As being discussed before, thiazide diuretics remain as the first line treatment in treating elderly with hypertension, followed by calcium channel blocker or beta blocker. Most of the time ACE inhibitor did not being chose because of inefficacy in treating elderly that having lower level of renin activities, besides the side effect of ACE inhibitors that can affect the kidney function. However thiazide diuretics, calcium channel blocker and beta blocker can give variety side effect in long period of used. The most common adverse effect of diuretics is potassium depletion except for potassium-sparing diuretics. Although mild degree of hypokalemia are tolerated well by many patients, hypokalemia may be hazardous in person taking digitalis, those who have chronic arrhythmias, or those with acute myocardial infarction or left ventricular dysfunction. Diuretics may also cause magnesium depletion, impair glucose tolerance, and increase serum lipid concentration. Diuretics can increase uric acid concentration and may precipitate gout. The toxicity for calcium channel blocker are direct extension of their therapeutic action. Excessive inhibition of calcium influx can cause serious cardiac depression, including cardiac arrest, bradycardia, atrioventricular block, and heart failure. Minor toxicity includes flushing, dizziness, nausea, constipation, and peripheral edema. The principal toxicities for beta blocker drugs results from blockade of cardiac, vascular, or bronchial beta receptors especially propranolol. The most important of these predictable extensions of the beta blocking action occur in patient with bradycardia or cardiac conduction disease, asthma, peripheral vascular insufficiency, and diabetes. For some beta blocker example like propranolol the discontinuation after prolonged regular used can create a withdrawal syndrome, manifested by nervousness, tachycardia, increased intensity of angina, or increase of blood pressure. Myocardial infarction has been reported in a few patients.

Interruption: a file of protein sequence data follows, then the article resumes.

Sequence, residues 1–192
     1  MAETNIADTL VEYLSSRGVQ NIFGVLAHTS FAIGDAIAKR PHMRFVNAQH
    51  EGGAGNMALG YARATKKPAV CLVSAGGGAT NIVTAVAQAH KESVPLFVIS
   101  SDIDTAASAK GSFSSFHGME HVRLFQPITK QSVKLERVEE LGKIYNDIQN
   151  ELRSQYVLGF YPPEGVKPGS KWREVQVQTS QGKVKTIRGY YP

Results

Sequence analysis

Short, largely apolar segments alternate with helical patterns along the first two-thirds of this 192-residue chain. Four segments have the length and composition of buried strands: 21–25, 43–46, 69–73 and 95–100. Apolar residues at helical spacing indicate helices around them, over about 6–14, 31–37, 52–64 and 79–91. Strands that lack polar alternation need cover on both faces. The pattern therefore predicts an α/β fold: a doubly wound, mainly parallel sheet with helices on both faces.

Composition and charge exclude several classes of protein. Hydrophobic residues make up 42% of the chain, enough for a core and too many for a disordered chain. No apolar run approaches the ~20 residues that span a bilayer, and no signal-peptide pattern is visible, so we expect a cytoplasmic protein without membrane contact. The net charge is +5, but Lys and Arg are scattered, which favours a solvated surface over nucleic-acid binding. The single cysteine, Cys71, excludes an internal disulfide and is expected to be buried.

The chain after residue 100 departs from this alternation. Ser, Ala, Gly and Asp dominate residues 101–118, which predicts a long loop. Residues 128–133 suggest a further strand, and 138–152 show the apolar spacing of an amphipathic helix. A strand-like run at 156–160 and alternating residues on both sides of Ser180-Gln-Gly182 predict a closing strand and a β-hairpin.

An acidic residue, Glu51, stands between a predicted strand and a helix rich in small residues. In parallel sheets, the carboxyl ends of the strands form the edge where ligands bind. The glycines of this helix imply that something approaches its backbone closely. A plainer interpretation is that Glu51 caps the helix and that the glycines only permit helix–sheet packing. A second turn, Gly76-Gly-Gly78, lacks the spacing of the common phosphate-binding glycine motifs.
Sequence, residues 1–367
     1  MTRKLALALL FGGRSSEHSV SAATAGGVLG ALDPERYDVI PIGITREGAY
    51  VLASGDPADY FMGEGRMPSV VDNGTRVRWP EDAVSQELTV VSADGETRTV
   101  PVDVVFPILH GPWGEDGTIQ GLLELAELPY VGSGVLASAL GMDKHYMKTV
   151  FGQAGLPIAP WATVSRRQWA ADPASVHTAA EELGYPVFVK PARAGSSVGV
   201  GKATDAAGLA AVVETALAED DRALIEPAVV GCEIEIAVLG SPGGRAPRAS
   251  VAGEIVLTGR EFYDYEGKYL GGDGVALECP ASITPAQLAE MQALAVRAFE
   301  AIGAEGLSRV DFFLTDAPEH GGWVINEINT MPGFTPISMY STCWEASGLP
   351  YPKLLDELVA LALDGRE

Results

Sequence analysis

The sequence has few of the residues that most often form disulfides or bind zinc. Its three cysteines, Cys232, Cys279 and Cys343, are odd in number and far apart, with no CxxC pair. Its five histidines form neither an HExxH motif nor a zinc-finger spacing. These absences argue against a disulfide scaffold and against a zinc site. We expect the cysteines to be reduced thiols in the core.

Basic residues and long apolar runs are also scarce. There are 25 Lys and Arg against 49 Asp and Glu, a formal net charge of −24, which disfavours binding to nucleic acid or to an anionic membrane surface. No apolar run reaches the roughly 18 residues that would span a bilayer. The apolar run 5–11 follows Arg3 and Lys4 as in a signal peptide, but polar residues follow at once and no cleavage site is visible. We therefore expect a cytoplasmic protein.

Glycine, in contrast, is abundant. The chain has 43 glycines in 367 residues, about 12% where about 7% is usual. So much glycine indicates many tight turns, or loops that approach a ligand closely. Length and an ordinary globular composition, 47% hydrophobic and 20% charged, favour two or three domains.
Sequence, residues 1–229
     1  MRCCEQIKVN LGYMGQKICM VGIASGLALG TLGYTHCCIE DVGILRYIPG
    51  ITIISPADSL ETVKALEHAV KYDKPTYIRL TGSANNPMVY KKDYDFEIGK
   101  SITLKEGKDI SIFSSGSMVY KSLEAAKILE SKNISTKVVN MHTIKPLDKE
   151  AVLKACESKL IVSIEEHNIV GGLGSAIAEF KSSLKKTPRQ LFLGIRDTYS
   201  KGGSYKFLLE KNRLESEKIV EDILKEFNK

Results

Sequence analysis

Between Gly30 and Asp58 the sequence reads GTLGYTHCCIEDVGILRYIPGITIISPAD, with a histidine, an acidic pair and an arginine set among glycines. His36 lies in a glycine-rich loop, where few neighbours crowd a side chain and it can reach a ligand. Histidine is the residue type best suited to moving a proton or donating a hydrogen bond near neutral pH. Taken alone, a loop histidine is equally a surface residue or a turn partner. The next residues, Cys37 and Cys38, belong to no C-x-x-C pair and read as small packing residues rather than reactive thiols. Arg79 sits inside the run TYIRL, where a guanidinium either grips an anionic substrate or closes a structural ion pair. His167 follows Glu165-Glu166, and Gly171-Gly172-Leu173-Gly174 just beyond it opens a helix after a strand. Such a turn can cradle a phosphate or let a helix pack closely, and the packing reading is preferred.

1) Bertram G. Katzung. Antihypertensive. Basic and Clinical Pharmacology. 10th edition. Mc Graw Hill Inc. 2007. Chapter 11: 159-177. 2) Ujala Verma, Gulsan Bano, Mohan Lal, Kapoor, P. Sharma, Rashmi Sharma. Antihypertensive Efficacy and Amlodipine in Patients of Mild to Moderate Hypertension. Vol. 6 No. 4 Octoberdecember 2004. 193-196 3) T W Auyeung, MB, Geriatri Unit. Tuen Mun Hospital, Tuen Muen, New Territories. Hypertension In Geriatrics. December 1996. Pg 638- 644 4) Marvin Moser, MD; William C. Cushman, MD; Michael G. Ziegler, MD. The Treatment of Hypertension in the Elderly. The Journal of Clinical Hypertension. Vol. 10 no> 1 January 2008. Pg 58-68 5) Murray longmore, Ian B. Wilkinson, Edward H. Davidson, Alexander Foulkes, Ahmad R. Mafi. 8 edition. Oxford University Press. 2010. Pg 132- 135 6) Rene R. Wenzel. Renal Protection in Hypertensive Patients: Selection of Antihypertensive Therapy. 2005. 66 suppl. 2:29-39.